Remembering September 11

I don't remember what I did on September 10, 2001.
But I will never forget September 11.

On September 11, 2001 I was sitting at my desk doing mundane every day tasks when our secretary walked in my office and said "a small plane just hit the World Trade Center."

I admit, for a split second I had to think "World Trade Center? Oh yeah, in New York City." After a few more minutes of talking about why someone would do that, she walked out of my office and I kept working. Then my mom called and said something bad was happening in New York City and we should turn on the TV at the office.

I gathered our small staff and told them we needed to turn on a television to see what was happening. Within minutes of tuning in to ABC News, the second plane hit.

Oh my God.

Did you just see that?

Did that plane just hit the other tower?

There were five of us sitting in a conference room and no one could believe what we were watching.

What the hell was going on?

The office phone rang again.
It was my mom.
Did you see that?
Did you see that plane hit the tower?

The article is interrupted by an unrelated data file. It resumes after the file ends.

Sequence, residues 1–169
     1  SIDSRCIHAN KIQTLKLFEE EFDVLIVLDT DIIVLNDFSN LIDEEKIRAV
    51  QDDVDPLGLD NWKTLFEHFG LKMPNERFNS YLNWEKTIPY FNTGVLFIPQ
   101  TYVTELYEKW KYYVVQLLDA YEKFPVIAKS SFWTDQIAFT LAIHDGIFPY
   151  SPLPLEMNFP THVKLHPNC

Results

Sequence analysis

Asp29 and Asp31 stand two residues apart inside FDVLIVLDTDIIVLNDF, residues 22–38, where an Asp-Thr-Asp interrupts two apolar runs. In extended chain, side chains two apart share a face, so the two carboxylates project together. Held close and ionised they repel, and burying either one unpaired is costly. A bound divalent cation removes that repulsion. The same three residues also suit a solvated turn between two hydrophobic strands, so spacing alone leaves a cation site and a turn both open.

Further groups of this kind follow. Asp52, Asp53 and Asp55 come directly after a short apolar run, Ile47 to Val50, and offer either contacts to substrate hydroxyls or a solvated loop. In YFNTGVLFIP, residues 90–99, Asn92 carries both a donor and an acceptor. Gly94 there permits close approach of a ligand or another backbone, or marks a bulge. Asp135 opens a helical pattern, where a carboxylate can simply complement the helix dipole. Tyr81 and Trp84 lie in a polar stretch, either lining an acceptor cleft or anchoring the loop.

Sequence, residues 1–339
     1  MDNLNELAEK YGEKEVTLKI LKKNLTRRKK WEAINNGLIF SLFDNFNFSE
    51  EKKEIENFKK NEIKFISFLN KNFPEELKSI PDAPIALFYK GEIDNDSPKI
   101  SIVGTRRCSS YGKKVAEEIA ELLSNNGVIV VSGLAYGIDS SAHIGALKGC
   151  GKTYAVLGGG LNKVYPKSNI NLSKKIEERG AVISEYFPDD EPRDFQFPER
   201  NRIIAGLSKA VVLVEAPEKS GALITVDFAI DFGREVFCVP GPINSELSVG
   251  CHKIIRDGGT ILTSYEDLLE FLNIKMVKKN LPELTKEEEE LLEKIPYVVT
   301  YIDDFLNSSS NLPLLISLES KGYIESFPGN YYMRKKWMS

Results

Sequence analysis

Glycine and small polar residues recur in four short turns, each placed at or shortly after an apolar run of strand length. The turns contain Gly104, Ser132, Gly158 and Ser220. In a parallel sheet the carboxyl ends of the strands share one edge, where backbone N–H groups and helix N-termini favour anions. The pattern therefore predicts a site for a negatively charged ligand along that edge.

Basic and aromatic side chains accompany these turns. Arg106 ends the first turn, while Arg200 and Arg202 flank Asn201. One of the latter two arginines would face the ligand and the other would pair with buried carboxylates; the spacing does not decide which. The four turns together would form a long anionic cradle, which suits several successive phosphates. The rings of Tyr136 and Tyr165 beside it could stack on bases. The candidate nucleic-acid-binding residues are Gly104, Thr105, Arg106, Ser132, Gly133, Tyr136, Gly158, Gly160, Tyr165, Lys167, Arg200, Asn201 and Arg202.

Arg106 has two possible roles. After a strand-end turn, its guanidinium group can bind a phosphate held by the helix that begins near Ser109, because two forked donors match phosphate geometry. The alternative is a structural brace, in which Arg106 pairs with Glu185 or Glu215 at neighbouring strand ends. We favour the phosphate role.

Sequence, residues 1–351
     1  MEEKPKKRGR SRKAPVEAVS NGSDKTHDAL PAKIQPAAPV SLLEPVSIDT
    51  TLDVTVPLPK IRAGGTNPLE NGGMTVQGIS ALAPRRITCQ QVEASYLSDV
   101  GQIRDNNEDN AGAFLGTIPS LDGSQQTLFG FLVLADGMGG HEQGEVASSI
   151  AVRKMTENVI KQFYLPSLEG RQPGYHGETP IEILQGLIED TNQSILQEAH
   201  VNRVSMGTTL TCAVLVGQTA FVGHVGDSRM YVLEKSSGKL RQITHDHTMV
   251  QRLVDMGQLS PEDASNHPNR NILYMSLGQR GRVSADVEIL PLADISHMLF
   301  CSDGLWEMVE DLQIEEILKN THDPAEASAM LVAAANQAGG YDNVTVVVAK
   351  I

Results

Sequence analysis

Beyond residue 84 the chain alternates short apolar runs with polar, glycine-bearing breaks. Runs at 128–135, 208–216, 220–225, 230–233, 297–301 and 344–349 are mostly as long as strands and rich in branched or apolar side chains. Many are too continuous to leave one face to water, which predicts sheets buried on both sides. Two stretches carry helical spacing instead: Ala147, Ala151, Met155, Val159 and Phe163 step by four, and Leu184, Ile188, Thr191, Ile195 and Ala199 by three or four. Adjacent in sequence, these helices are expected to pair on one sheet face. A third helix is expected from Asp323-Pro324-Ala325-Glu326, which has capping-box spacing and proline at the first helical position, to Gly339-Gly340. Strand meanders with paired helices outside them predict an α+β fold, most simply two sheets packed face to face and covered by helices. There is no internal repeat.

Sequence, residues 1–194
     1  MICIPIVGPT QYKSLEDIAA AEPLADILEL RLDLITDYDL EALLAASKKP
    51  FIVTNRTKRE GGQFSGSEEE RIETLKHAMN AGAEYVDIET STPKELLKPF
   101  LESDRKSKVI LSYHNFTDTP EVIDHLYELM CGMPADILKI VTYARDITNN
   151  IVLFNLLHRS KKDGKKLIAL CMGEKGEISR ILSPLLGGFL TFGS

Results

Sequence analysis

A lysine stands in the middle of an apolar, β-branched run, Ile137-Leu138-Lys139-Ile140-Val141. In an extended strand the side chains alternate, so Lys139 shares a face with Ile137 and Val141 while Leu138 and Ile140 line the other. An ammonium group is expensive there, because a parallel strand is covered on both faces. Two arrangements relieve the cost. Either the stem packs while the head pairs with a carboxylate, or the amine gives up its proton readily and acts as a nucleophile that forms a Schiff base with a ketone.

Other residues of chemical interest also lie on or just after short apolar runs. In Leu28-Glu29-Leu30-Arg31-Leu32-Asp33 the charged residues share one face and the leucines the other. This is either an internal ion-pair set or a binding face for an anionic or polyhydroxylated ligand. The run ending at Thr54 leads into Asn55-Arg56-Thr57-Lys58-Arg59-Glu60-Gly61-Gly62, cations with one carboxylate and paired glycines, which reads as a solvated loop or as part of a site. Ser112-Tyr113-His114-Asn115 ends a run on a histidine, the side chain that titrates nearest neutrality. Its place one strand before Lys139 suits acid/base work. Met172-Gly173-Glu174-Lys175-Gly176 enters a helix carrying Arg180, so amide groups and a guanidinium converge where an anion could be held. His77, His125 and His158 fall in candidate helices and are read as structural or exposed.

Yes. I saw it.
I could not process what was happening.

No one knew what to do.
And so, we tried to continue our workday.
We all went back upstairs to our offices and tried to work.

The phones were eerily silent that day.

I called Kevin and my sister and my mom.
I tried to find news online.
The Internet was not working that day.
All the news sites were too busy.

We kept a small black and white television on all day long.
We watched in horror as the towers fell.
We stood in shocked silence as news came in about The Pentagon and Shanksville.

How could this be happening to America?
What did we do to deserve this amount of tragedy?

No one did much work that day.
We spent most of the day huddled around that black and white TV, watching the never-ending tragedy unfold in NYC, Washington and Pennsylvania.

That night after work, I went to Kevin's house. We had only been dating for two months at the time. We spent most of the evening sitting on the couch watching the news in silence. It was unimaginable. America had been attacked by terrorists. Nothing made sense.

I still remember how eerily silent it was that night as I walked to my car.
There were no sounds in the sky.
All commercial flights had been grounded.
The silence was deafening.

And now, 10 years later, a memorial stands in the footprints of the towers.
And a new World Trade Center is rising.

But we will never be the way we were on September 10, 2001.

The world as we knew it was forever changed on September 11, 2001.

We will never forget.

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